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Guide to dating Aynsley china

bonnita7
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Guide to dating Aynsley china
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Yes, you love it, but how confusing is it to find out how old your favourite Aynsley china item is?

THE MARKS

Aynsley have changed their marks many times over their 200-plus year history. In fact many early pieces had no mark at all. In the late 1800s (from about 1860) the name AYNSLEY was impressed in the base of some pieces. The early printed marks from this time to around the 1880s looked like these:

Then from the 1880s and 1890s you might find marks like these:

In the early 1900s (until around 1920), these were used:

Then these during the 1920s to the late 1930s (later ones to the right):

The marks illustrated above were generally in black or green.

In around 1924, there was an additional dating system introduced, which makes it possible to determine the actual year of production, but this was not applied to all pieces. A number was printed (not handwritten) below the backstamp, starting from 1 in 1925, and continuing until the late 1950s. The illustration below shows this mark for 1954. To determine the year, add the printed number to 1924 - eg 1924 + 1 = 1925; 1924 + 23 = 1947; 1924 + 30 = 1954.

In the 1960s the backstamp colour was changed to blue, although there are some pieces which have marks in pink, or black, or in the same colour as the china. Aynsley china is still in production.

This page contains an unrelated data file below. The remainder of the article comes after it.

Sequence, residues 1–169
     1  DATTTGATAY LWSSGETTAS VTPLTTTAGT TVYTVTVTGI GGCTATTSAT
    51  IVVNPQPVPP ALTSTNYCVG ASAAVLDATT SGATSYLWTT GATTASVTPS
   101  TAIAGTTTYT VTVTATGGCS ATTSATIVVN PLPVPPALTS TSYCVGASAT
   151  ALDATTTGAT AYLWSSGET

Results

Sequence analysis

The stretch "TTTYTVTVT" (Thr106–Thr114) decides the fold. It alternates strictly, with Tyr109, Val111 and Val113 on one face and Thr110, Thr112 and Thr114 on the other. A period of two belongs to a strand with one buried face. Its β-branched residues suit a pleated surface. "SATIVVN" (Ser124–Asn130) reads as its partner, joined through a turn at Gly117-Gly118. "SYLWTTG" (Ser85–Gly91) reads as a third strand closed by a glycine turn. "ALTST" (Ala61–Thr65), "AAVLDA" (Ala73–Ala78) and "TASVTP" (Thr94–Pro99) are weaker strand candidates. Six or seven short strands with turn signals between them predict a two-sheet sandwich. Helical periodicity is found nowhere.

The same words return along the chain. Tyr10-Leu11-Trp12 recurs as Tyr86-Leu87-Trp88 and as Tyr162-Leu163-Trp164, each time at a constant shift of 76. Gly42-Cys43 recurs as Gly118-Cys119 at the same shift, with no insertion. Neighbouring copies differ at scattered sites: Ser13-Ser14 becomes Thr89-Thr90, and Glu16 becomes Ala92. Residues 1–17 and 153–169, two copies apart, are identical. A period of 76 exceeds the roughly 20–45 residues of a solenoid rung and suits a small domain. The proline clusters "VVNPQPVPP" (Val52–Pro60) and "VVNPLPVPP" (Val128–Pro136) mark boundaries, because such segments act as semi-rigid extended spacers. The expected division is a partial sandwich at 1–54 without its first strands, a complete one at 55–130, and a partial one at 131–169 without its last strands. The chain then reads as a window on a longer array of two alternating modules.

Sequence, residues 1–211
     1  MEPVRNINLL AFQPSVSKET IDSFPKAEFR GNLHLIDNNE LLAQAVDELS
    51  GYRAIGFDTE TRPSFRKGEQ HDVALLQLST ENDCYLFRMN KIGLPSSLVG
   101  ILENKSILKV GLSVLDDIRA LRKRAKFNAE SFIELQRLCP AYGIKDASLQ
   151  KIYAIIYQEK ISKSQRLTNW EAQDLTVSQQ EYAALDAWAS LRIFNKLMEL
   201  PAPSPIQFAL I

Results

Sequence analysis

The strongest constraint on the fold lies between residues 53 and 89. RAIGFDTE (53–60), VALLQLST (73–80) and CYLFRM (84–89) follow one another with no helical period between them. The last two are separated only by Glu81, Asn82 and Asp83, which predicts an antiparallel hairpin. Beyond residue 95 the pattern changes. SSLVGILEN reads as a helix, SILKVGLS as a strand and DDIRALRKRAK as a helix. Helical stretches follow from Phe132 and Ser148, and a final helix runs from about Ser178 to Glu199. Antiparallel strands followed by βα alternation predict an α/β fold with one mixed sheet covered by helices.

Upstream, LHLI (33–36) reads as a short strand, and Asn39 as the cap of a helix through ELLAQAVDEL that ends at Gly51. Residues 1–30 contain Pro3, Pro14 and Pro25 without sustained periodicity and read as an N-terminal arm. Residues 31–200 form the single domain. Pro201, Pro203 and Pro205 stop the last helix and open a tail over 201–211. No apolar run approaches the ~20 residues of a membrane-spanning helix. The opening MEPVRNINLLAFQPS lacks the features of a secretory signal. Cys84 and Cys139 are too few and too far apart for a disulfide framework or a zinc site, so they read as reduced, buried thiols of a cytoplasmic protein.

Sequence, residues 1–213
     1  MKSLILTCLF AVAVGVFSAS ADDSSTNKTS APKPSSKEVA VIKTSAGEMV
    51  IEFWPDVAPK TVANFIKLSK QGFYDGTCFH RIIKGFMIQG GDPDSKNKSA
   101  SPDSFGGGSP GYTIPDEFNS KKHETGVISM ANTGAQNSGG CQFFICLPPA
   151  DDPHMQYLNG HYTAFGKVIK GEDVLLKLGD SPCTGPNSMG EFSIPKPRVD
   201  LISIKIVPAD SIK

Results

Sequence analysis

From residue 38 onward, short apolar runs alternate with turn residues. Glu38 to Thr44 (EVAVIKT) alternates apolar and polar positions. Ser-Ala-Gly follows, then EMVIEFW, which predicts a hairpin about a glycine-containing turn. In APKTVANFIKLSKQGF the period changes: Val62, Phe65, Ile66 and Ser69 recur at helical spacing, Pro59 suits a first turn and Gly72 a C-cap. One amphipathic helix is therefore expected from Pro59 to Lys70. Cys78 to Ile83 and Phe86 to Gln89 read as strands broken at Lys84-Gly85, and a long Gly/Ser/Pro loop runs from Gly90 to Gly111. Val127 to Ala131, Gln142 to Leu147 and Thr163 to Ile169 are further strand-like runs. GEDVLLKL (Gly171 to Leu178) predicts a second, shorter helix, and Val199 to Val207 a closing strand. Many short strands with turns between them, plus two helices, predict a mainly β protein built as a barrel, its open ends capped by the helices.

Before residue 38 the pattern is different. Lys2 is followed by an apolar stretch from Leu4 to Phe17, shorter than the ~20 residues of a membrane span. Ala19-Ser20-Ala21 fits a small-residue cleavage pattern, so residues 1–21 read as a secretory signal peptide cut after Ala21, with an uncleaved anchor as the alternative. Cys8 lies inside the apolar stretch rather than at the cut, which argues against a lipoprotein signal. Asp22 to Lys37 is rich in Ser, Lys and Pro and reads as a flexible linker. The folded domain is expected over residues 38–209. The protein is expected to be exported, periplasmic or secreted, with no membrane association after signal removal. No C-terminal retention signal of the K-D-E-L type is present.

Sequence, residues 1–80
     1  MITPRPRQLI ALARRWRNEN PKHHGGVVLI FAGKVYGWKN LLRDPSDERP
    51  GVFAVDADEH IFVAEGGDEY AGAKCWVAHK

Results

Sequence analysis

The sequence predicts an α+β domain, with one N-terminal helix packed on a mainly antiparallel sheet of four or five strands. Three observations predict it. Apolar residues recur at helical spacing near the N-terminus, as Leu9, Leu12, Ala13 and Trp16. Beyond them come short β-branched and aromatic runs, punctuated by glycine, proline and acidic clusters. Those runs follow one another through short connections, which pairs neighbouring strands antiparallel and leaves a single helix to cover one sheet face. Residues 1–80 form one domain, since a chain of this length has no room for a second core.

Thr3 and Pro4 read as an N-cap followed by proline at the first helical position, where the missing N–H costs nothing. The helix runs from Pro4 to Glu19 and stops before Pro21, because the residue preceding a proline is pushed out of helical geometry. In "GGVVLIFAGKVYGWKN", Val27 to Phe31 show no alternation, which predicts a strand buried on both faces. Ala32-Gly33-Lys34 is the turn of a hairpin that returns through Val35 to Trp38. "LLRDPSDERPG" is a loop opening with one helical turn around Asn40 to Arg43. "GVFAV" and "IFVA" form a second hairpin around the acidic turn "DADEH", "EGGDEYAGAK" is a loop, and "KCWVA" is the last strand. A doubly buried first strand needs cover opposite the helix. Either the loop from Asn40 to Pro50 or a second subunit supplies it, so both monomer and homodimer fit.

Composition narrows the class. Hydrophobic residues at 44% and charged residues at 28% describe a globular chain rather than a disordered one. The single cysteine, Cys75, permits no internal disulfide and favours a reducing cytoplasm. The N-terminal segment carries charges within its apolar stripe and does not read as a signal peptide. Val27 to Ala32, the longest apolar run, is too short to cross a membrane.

ORCHARD GOLD AND FRUIT PATTERNS

There is sometimes confusion about the age of the well-known fruit design. The hand-painted items (like the one illustrated above) were made to compete with Royal Worcester and other manufacturers, and were mainly painted by Doris Jones and Nancy Brunt, who worked at the Aynsley factory from the 1930s to the 1960s. Most of their pieces are handfinished over a transfer design. In the 1960s, the Orchard Gold design was introduced, to overcome the cost of the handpainting process. It was at this time that the name "Orchard Gold" was given, to avoid confusion with the earlier handpainted pieces.

Many Aynsley patterns do not have names, but usually have a number which may be handwritten on the base. You may find the name (if any) indexed on the websites of china identification or matching services such as Replacements Ltd.

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